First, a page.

MILLER: You know, the market is very segmented. I think when we look at real estate and talk about affordability, we tend to sort of look to the very high-end as sort of a reason but you know, when you have a one bedroom apartment in Manhattan sort of an average one bedroom at a modest building selling for 1.5 million, right? As sort of an average, you know, that’s a big number.
RITHOLTZ: Yes, but it does have an elevator, right? I mean, so…
MILLER: It does have an elevator and does have a doorman and you can – it does have a — youhave a bathroom in your apartment and you definitely have the basics.
RITHOLTZ: There is no doubt that top 10% is different than the rest of the market and you and I had a conversation a long time ago when we discussed mortgage rates are just not relevant to that market segment.
Until the pandemic so.
So I’m exaggerating a little bit when I say that. So the way to think of Manhattan in aggregate all the sales transactions are in any given year, we have about seven years of data are about 50% cash.
Meaning that they bring cash for the closing, now they could’ve gotten financing in Ireland and brought the cash over but …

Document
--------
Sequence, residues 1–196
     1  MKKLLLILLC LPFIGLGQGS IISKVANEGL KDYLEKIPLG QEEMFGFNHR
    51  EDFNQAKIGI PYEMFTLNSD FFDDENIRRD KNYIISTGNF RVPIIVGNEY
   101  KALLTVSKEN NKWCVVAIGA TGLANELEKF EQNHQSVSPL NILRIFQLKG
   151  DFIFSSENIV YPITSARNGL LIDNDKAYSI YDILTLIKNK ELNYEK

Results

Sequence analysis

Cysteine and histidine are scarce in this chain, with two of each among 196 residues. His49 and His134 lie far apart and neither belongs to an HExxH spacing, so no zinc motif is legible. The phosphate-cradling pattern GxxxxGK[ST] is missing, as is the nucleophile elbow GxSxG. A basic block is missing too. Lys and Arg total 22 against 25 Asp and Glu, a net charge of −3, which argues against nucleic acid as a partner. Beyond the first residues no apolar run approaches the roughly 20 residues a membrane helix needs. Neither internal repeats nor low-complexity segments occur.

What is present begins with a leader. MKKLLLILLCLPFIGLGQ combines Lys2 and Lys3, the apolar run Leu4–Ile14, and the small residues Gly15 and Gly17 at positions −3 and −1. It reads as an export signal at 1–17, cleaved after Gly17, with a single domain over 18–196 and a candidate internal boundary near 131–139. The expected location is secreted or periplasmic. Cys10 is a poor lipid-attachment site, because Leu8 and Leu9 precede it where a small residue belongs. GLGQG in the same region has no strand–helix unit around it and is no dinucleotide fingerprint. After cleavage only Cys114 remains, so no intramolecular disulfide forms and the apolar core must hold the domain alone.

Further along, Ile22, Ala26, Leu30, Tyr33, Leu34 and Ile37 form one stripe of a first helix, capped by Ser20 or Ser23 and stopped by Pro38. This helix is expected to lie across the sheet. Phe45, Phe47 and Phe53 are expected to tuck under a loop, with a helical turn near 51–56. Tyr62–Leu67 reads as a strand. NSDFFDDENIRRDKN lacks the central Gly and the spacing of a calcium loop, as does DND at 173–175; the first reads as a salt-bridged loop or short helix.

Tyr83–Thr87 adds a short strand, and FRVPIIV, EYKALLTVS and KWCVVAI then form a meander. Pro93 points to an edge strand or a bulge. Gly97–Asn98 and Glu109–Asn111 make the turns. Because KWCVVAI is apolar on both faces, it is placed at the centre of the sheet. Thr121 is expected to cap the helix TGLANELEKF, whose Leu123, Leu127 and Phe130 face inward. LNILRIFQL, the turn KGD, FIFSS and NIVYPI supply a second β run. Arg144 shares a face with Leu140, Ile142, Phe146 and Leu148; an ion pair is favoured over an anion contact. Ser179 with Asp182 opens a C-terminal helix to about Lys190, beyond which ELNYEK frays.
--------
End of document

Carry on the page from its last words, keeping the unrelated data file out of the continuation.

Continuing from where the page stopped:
RITHOLTZ: It’s mostly…
MILLER: …going to see that.
RITHOLTZ: It’s mostly — so I don’t know if we discussed a buddy, lives on Central Park West and he was trying to do a refinance of his mortgage and he found it incredibly problematic and he was working his way through – is when rates first collapsed and he went to the head of the co-op board, it was a buddy of his…
RITHOLTZ: And said “Hey what what’s the problem why are you guys having such a hard time with all this paperwork?” And the guy paused and said, I won’t mention his name, but he said …
RITHOLTZ: You are the only person in the whole building that has mortgage, the entire building not too far from the Dakota everybody was a cash buyer just to give you a sense of wealth at that level, nobody is borrowing for their primary residence there.
How much is it? 12 million, all right I will write you a check.
MILLER: Right, exactly, and it’s not their – right, may have multiple read so the way to think of it is when you – before the pandemic, you split cash buyers and 50% of the market and they scale by price.
So the more reliant users on financing tend to be at the lower end of the price spectrum so we talk about under $1 million, you know roughly 40% of those buyers rely on — I’m sorry 60%, 40% pay cash, 60% …
MILLER: …get a mortgage on average.
As you move to say the operand like north of 5 million, it’s around 80% pay cash and 20% get financing but I would argue that the 20% financing don’t do it for the purchase, they do it because their financial planner said they can get a deduction.
MILLER: And what has happened post pandemic and II think this is a temporary blip that the numbers have shifted a little bit and that even you know instead of 80% to 90% people paying cash at the top, it’s like 70% to 80%, it dropped about 10% just because rates are so low how could you not take advantage of them at that you know…